Following the 1975 season, Dick Vermeil was ready for a new lifestyle in the National Football League. He had just led the UCLA Bruins to a victory in the Rose Bowl over the undefeated Ohio State Buckeyes, but the challenge and appeal of life in the pros was too much to pass up. He soon became the new head coach of the Philadelphia Eagles, Thirty-some-odd years later, Oregon’s Chip Kelly has made the same jump to the same city, hoping to replicate Vermeil’s success in Philadelphia. He’d love to add one thing Vermeil did not bring to Philadelphia (but did later in his coaching career): a championship.
Heading into this week, it was long assumed that Kelly was a lock to return to the Oregon Ducks for another year. After all, the media had reported as much just ten days ago. That said, Kelly never faced the media, never had a fancy press conference saying that Oregon was his home, never stated that what the media had said was true. Ten days later, Kelly reversed course, and now finds himself as the head coach of the Eagles.
It’s not known why Kelly changed his mind after he reportedly was happy to be a Duck. The earliest quotes from Kelly say that it was just a tough decision and took some time to think over. We can also bet money had something to do with it. (Kelly could receive a contract of five years and make over $6 million a year according to earliest indications.) But, at the end of the day, it came to down to whether or not the Eagles and Kelly could come to a happy marriage. Owner Jeffrey Lurie and GM Howie Roseman are thrilled to have the guy they wanted from the beginning.
Now the questions begin: Who will be Kelly’s coordinator? After all, you can throw a ton of offense at opposition and wow people with points, but the Eagles did have a pretty awful defense this past year. Will Mike Vick stay? The Eagles need an answer shortly after the Super Bowl. If Vick is gone, will Nick Foles be the quarterback? Will they keep the number four pick?
At 49 years of age, Kelly is just five years younger than Andy Reid, but he doesn’t have the 14 years of NFL miles as head coach on him as Reid does. There will be grueling nights of no sleep and film watching, scouting, mini camps, training camps, free agency, drafts, and more to take on for Kelly. The life of a college coach isn’t exactly a cakewalk, but the NFL is a different animal. Kelly’s Oregon team averaged 49.6 PPG this season, second most in college football. Hey, nobody is expecting him to average that in the National Football League. What people are expecting of Kelly is to bring a high-octane, fast-paced offense to the league.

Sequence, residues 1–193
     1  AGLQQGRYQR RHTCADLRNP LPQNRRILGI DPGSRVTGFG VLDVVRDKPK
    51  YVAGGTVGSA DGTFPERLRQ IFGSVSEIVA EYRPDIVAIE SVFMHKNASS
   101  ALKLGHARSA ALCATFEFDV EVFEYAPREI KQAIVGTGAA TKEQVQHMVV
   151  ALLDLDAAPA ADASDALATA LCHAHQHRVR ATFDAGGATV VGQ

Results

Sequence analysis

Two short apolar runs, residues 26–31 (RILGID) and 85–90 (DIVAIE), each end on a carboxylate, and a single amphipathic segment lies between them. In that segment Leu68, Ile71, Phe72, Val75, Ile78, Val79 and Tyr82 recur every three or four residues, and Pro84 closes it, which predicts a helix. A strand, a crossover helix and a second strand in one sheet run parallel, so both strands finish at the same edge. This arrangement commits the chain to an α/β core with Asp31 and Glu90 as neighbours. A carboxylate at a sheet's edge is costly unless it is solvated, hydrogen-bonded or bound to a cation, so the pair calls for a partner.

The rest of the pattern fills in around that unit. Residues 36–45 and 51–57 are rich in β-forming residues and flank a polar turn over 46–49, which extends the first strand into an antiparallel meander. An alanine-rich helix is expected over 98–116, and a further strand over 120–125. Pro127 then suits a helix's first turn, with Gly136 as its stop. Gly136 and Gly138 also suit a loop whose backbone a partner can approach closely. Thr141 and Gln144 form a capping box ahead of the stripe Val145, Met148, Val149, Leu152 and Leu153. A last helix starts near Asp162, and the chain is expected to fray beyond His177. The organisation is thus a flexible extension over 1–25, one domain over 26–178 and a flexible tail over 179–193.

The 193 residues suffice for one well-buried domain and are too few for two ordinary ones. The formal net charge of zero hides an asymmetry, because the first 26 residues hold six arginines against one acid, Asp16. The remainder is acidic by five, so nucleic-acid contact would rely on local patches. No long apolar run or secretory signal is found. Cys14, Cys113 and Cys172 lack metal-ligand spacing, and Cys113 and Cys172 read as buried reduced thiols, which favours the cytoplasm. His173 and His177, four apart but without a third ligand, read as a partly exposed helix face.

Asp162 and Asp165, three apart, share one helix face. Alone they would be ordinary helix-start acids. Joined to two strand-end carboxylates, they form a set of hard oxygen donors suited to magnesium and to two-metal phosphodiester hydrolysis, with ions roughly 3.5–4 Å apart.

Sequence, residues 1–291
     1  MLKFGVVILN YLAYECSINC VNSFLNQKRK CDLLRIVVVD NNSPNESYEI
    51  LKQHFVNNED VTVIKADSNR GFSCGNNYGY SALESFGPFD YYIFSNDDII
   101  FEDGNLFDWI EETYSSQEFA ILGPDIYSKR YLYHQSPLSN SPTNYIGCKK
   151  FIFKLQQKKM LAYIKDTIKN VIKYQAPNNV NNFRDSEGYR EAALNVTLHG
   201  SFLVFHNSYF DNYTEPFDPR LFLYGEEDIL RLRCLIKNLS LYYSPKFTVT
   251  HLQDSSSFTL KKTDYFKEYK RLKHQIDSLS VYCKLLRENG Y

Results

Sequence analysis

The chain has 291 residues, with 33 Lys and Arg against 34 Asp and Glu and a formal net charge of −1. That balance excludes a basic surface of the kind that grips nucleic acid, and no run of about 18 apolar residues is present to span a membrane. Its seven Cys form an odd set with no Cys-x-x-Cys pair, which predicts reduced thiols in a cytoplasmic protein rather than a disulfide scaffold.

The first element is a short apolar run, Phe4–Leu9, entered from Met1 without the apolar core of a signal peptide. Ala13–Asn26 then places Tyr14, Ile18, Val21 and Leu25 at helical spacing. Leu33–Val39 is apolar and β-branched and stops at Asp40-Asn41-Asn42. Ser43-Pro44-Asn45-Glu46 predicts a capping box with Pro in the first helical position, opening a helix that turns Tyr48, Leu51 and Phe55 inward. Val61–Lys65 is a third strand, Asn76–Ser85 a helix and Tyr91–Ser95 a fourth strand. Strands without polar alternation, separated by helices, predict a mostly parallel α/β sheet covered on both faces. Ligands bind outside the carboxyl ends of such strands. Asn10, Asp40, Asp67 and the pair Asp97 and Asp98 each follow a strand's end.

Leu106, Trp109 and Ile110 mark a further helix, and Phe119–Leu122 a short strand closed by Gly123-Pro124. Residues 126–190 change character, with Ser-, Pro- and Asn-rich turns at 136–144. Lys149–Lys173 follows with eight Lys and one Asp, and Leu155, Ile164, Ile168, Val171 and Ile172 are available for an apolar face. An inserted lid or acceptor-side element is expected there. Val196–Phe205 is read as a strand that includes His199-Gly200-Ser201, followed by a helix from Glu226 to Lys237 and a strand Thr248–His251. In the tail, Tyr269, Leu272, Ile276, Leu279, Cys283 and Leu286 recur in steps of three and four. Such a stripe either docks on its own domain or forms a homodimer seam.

The Ducks’ time per play last season was at 20.9 seconds. The Patriots were the fastest in the NFL at 24.9. Will Kelly keep up that pace in the NFL? It’s hard to say, but he has been known to consult with Bill Belichick, and it’s easy to see some of Kelly’s offense emanating from New England. Tom Brady released the ball from his arm on average three seconds after the snap in 2012, which is also fastest in the NFL. For the Patriots, it was not just about having plays in to the quarterback’s helmet in a speedy manner, it was about getting the ball out of his hands once the ball was snapped as well.
Can that type of offense work in Philadelphia? We shall see. The Patriots, in those quick-release plays, are usually keen on a wide receiver screen, usually getting the ball to Wes Welker. The Eagles don’t exactly have a Wes Welker on the roster, but Jason Avant could develop into one as a slot guy. Oregon’s recent Fiesta Bowl victory also featured a beautiful play in which Kenjon Barner got himself open on a delayed play to the running back in which he was able to get open in the flats while the other receivers had cornerbacks tied up downfield. Eagles fans would love to see LeSean McCoy benefit from this type of play calling.
The big question, in terms of on the field play and financially, is whether or not the Eagles will have Michael Vick running Kelly’s offense. It’s not totally out of the question, but it just doesn’t seem likely. Vick’s base salary in 2013 is $15.5 million, and sources say Vick is not open to restructuring. When people think of a Chip Kelly offense, they surely think of Dennis Dixon and think that someone like Vick is needed to run the offense.
To put this bluntly, if Kelly thinks he can just come to the NFL and need that type of quarterback to run an offense, he’s sorely mistaken. But, to be honest, I don’t think Kelly is hard-headed enough to do that. By all accounts, everyone raves about Kelly’s football mind and his smarts. He will have to adapt to the NFL game with the personnel he is given. Given what we have heard, that shouldn’t be a problem for Kelly. He will have to cherry-pick parts of his offense and what he did in the college game and modify it to the personnel he has with the Eagles and the pro game.
This will not be an easy task for Kelly. The Eagles were 4-12 in 2012, and despite having some talent on the roster, plenty of pieces will need to be added. Having the fourth pick in the draft won’t hurt. Kelly comes to the NFL with a lot of pressure on his shoulders. We have seen college coaches succeed (Vermeil, Jim Harbaugh, Jimmy Johnson) and we have seen some fail (Nick Saban, Steve Spurrier, Bobby Petrino). It remains to be seen what category Kelly will fall into. Then again, ten days ago, there was a pretty high chance we would never see Kelly in the NFL. But now, the chips are down. You’re up, Mr. Kelly.